Wednesday, January 30, 2013

Body Worlds

When we were still living in the UK we went to see the Body Worlds exhibition. It was absolutely mind-blowing. When it came to Cape Town, we wanted to go and see it, but couldn't afford to. After a few months, we managed to get free tickets, so went along to see it.

After the incredible experience we'd had in the UK, the CPT exhibition was very disappointing. It was far too small, and showed far too few exhibits. (There were also far too many people cramped into far too small a space, but that's another story.)

However, despite our disappointment, I still managed to learn a few things. For example, I was amazed by how tiny the uterus is normally. It's smaller than the bladder, and the bladder is smaller than your fist.

I was amazed at the animal exhibition they had - made up just of blood vessels - so many you could still see the entire animal. The nerve display was incredible. I always thought there were a LOT more nerves than that... I'm guessing that the nerve endings were too small to be effectively dissected out of the cadaver. I was also amazed by the display where the intestines had been uncoiled and laid out. The whole alimentary canal is about 8m long, of which about 7.5m is the intestines. I've known that for a long time, but seeing it laid out like that... it made an impression.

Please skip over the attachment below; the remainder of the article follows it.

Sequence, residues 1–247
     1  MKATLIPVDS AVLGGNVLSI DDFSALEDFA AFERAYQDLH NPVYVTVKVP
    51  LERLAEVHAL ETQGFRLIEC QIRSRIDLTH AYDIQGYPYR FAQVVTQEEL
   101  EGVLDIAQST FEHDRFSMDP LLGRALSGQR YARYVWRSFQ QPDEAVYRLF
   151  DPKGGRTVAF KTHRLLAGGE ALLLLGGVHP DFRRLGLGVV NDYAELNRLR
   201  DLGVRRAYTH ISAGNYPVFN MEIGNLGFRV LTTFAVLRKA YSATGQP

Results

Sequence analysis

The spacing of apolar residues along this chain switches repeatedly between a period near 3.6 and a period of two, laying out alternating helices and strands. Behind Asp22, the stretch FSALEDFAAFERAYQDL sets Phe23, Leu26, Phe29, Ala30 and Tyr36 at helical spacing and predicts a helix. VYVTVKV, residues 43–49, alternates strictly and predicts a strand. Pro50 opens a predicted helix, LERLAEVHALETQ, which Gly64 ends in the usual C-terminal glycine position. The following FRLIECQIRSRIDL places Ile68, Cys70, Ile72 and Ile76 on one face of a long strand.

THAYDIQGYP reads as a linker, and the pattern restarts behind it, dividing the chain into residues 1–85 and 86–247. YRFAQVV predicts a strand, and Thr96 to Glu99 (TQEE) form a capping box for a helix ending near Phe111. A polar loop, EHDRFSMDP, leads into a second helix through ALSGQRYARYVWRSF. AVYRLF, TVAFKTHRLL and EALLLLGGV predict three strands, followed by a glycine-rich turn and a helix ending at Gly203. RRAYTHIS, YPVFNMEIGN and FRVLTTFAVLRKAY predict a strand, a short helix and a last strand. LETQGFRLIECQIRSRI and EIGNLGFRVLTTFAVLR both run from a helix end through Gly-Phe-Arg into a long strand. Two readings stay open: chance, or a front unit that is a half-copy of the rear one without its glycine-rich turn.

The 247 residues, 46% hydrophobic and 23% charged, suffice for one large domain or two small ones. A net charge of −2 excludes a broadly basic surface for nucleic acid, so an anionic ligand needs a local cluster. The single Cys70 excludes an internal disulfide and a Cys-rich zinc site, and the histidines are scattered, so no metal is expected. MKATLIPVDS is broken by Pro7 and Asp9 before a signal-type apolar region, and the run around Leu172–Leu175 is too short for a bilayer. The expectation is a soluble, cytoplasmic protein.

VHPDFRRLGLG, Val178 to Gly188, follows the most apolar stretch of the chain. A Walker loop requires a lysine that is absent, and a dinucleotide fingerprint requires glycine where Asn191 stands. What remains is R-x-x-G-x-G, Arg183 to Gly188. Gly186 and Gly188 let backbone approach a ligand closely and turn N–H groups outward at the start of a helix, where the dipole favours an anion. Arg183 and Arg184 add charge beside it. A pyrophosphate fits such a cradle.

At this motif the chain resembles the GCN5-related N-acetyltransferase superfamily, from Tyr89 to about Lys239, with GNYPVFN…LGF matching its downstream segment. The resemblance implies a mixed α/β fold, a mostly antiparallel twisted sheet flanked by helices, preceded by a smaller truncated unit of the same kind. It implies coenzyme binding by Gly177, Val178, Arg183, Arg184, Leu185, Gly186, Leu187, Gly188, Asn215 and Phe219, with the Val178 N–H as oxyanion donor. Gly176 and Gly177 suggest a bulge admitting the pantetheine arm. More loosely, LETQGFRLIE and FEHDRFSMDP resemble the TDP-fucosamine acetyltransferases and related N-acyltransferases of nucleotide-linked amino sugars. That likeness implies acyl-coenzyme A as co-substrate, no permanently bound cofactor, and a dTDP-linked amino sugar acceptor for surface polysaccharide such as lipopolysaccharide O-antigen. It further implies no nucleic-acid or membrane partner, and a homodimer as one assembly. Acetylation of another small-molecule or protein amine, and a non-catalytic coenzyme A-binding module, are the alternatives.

One of the exhibitions was a section (slice) from the body of a very obese man. I was amazed by how much fat he had, and where it was positioned. I mean, when you see a fat person walking away from you, you can see that they have back fat, but somehow, it never really registered with me that the sub-cutaneous fat layer was so large. Given that I recently discovered that women with belly fat (that would be me) are 27% more likely to develop heart disease and diabetes than women who carry their fat on their thighs, I'm currently rather fascinated by fat distribution and production/ metabolism.

Despite my disappointment, I would still recommend you see it, if you haven't. It's still mind-blowing. The whole process is incredible. I was thrilled to learn that UCT has a plastination unit which they use to create samples and specimens for their students to use (not for display). Here's hoping it helps to revolutionise the training medical students receive.
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